BOOTING(8)                                             BOOTING(8)

     NAME
          booting - bootstrapping procedures

     SYNOPSIS
          none

     DESCRIPTION
          This manual page collects the incantations required to
          bootstrap Plan 9 machines.  Some of the information here is
          specific to the installation at Bell Labs; some is generic.

          If a CPU server is up, BOOTP/DHCP and TFTP will run from
          there; if not, the necessary files and services must be
          available on a separate machine, such as a Unix system, to
          use these protocols for bootstrapping.

          Be sure to read boot(8) to understand what happens after the
          kernel is loaded.

        Terminals
          To bootstrap a diskless terminal or a CPU server, a file
          server must be running.  PCs can boot from a floppy disk or
          any FAT16 partition.  On all the terminals, typing two
          control-T's followed by a lower-case r reboots the machine;
          other methods of rebooting are mentioned for some machines.

        PCs
          To boot a PC, it is necessary to get /386/9boot or
          /386/9load loaded into memory.  There are many ways to do
          this.  A Plan 9 boot floppy prepared by format (see prep(8))
          will load 9load when the PC is reset or powered on.  Other
          methods are described in 9boot(8). 9boot or 9load then
          locates and loads a Plan 9 kernel, using configuration
          information from the matching file in /cfg/pxe (9boot) or
          the file plan9.ini stored in the 9fat configuration parti-
          tion or on a DOS file system (9load).  See 9boot(8) for
          details.

          Once the kernel is booted, it behaves like the others.  See
          boot(8) for details.

        CPU Servers
          The Plan 9 CPU servers are multi-user, so they do not
          request a user name when booting.  On the CPU servers, typ-
          ing a control-P on the console reboots the machine.

        PC CPU Server
          Proceed as for the PC terminal, but load /386/9pccpu or
          /386/9pccpudisk.

     BOOTING(8)                                             BOOTING(8)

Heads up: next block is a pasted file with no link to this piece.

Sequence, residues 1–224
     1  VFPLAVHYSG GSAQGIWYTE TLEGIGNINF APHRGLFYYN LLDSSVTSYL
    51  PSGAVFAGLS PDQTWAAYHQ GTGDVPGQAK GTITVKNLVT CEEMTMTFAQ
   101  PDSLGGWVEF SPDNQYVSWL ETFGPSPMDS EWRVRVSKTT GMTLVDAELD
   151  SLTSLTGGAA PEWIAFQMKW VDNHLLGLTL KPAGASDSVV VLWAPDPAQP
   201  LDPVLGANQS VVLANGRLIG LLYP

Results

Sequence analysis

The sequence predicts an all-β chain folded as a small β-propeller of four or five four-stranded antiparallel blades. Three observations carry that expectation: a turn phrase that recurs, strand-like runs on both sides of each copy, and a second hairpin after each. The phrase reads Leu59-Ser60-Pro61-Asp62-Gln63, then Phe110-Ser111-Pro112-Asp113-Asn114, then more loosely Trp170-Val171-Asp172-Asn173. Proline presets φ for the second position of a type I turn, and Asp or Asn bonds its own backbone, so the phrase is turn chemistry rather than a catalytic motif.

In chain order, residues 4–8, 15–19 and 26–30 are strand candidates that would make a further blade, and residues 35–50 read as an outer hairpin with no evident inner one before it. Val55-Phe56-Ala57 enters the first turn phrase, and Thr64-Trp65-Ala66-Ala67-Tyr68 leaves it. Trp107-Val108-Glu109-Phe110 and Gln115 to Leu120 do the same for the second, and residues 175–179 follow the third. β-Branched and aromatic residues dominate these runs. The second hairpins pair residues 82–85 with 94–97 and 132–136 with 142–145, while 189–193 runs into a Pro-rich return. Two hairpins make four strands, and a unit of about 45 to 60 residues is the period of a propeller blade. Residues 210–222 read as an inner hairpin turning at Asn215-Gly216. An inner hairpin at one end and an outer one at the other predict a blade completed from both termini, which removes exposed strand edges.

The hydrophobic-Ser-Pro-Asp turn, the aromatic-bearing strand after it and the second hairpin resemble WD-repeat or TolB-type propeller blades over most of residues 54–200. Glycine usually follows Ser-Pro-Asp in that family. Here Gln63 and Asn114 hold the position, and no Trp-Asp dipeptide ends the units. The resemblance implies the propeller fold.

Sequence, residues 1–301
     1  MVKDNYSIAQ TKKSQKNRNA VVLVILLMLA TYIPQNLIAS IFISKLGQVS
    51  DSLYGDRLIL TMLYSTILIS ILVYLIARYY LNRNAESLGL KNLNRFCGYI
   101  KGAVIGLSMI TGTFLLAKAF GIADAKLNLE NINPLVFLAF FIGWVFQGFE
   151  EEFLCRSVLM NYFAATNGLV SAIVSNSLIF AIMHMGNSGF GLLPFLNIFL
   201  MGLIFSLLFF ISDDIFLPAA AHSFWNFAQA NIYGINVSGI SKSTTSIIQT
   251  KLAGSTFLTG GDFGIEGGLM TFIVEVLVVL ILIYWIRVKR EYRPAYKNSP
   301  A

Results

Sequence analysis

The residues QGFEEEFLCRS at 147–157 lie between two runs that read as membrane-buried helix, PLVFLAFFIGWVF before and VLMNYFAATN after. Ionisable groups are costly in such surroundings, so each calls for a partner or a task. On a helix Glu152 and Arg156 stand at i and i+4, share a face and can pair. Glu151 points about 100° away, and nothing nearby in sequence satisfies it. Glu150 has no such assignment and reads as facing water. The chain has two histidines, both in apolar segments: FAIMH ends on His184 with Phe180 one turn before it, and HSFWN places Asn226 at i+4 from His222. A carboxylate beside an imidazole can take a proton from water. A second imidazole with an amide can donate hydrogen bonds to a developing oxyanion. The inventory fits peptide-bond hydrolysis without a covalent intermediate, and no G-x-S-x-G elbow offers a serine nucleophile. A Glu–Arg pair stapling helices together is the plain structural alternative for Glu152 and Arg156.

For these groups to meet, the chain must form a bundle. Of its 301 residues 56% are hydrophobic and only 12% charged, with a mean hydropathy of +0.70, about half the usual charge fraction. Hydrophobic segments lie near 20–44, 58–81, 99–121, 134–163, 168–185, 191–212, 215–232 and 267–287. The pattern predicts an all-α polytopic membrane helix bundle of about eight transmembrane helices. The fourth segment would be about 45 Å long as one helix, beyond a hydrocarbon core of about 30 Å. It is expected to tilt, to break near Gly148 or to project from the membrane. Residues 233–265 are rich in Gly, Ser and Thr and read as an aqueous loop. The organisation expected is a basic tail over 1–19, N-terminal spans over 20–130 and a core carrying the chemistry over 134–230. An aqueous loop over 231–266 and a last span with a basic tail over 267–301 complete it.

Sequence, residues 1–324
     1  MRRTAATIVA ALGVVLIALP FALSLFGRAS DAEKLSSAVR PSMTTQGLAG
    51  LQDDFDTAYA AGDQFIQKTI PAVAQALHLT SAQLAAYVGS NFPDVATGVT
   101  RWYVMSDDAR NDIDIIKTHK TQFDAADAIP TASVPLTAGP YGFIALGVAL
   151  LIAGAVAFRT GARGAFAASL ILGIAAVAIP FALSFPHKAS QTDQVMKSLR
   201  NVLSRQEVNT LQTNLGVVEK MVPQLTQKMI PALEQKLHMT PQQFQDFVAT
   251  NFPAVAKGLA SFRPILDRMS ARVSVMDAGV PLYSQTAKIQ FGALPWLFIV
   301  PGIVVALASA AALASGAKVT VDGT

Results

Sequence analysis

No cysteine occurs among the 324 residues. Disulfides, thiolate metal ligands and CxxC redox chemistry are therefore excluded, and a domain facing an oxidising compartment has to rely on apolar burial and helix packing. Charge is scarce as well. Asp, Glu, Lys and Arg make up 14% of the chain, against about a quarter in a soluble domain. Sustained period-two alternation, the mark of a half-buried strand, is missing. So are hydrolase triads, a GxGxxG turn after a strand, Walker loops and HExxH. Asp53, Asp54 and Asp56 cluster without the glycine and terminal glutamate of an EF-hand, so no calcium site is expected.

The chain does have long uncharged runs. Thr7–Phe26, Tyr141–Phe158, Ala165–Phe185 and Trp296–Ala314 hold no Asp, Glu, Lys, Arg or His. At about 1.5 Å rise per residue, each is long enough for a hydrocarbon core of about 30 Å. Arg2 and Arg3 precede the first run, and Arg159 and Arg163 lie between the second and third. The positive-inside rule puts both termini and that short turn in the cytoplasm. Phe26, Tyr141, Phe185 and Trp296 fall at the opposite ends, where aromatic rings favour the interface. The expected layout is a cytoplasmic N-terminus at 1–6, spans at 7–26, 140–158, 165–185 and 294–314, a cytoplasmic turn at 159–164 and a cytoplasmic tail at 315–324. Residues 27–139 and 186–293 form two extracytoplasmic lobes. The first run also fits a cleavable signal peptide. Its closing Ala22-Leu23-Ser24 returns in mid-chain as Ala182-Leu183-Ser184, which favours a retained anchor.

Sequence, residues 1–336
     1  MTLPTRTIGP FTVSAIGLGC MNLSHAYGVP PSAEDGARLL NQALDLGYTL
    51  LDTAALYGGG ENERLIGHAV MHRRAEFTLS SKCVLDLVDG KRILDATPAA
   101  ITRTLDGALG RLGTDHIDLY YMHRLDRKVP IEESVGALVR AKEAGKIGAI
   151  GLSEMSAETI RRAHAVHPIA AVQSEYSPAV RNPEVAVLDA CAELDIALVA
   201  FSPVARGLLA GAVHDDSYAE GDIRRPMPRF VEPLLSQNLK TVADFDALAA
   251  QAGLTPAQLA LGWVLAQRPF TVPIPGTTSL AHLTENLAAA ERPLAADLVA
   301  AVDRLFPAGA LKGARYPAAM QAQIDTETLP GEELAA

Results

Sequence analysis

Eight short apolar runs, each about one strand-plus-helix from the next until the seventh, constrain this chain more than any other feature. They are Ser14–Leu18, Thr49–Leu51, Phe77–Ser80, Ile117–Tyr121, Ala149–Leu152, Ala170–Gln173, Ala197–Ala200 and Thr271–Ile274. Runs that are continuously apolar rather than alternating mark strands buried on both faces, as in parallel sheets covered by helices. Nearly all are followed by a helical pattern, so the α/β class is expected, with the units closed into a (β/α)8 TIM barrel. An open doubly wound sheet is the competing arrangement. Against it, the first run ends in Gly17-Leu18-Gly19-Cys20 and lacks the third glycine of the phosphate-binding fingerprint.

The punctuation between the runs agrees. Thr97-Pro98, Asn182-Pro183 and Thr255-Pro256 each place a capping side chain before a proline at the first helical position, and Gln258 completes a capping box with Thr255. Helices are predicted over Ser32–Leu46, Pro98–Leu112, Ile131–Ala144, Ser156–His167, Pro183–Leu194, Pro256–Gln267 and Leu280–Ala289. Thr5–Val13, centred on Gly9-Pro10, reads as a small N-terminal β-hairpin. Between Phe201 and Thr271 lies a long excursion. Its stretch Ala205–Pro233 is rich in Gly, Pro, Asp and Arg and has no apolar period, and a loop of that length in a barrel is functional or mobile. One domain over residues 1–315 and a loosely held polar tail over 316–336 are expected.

MIPS Routerboard CPU Server
          Configure RouterBOOT via the serial port (115200 baud) to
          always boot from Ethernet via DHCP and TFTP, and arrange to
          load the ELF executable /mips/9rb in ndb(6).

        ARM Systems
          All ARM systems are started by U-boot using similar com-
          mands.  The kernels (and thus ndb `bootf' parameters) are

          `/arm/9gd'   for the Marvell PXA168-based Guruplug Display
          `/arm/9plug' for other Marvell Kirkwoods (Sheevaplug, Guru-
                       plug, Dreamplug, Openrd, etc.)
          `/arm/9beagle'
                       for TI OMAP3 boards (IGEPv2 from ISEE, Gumstix
                       Overo)
          `/arm/9ts'   for Trimslice systems, which contain the Nvidia
                       Tegra 2
          `/arm/9pi'
          `/arm/9picpu'
                       for Raspberry Pis

          In the following, replace MAC with your board's MAC address
          without colons, in lower case (the format of the `ether' ndb
          attribute).  If loading from a non-Plan-9 TFTP server,
          replace `%C' with /cfg/pxe/MAC.

          First, establish a /cfg/pxe (plan9.ini) file for the new CPU
          server.  For Kirkwood plugs,

               cd /cfg/pxe; cp example-kw MAC

          and edit `/cfg/pxe/MAC' to taste.  For PXA plugs, replace
          `kw' with `pxa'; for OMAP boards, replace `kw' with `omap'
          and be sure to edit the line for `ether0' to set

               ea=MAC

          Second, configure U-boot to load the appropriate kernel and
          /cfg/pxe file at suitable addresses and start the kernel.
          For Sheevaplugs and Openrd boards, type this at U-boot once:

               setenv bootdelay 2
               # type the next two lines as one
               setenv bootcmd 'bootp; bootp; tftp 0x1000 %C; bootp; tftp 0x800000;
                    go 0x800000'
               saveenv

          For Guruplugs Displays, do the same but type this after
          `setenv bootcmd' instead:

               'dhcp; tftpboot; tftpboot 0x1000 %C; bootz 0x500000'

     BOOTING(8)                                             BOOTING(8)

          For Kirkwood Guruplugs, type this after `setenv bootcmd':

               'dhcp 0x800000; tftp 0x1000 %C; go 0x800000'

          For IGEPv2 boards, type this after `setenv bootcmd':

               'tftp 0x80300000 %C; dhcp 0x80310000; go 0x80310000'

          For Gumstix Overo boards, type this after `setenv bootcmd':

               'bootp 0x80310000; bootp 0x80300000 %C; go 0x80310000'

          For Trimslice systems, type this after `setenv bootcmd':

               'dhcp; dhcp; tftpboot 0x410000; tftpboot 0x400000 %C; go 0x410000'

          For Raspberry Pis, gunzip the pi.uboot.sd.img.gz named below
          onto an SD card and insert that into your Pi.

          Thereafter, the boards will automatically boot via BOOTP and
          TFTP when reset.

     FILES
          /n/sources/extra/pi.uboot.sd.img.gz is a compressed bootable
          SD card image for Raspberry Pi, uses PXE booting.

     SOURCE
          /sys/src/boot
          /sys/src/9/pcboot

     SEE ALSO
          ndb(6), 9boot(8), boot(8), init(8), plan9.ini(8)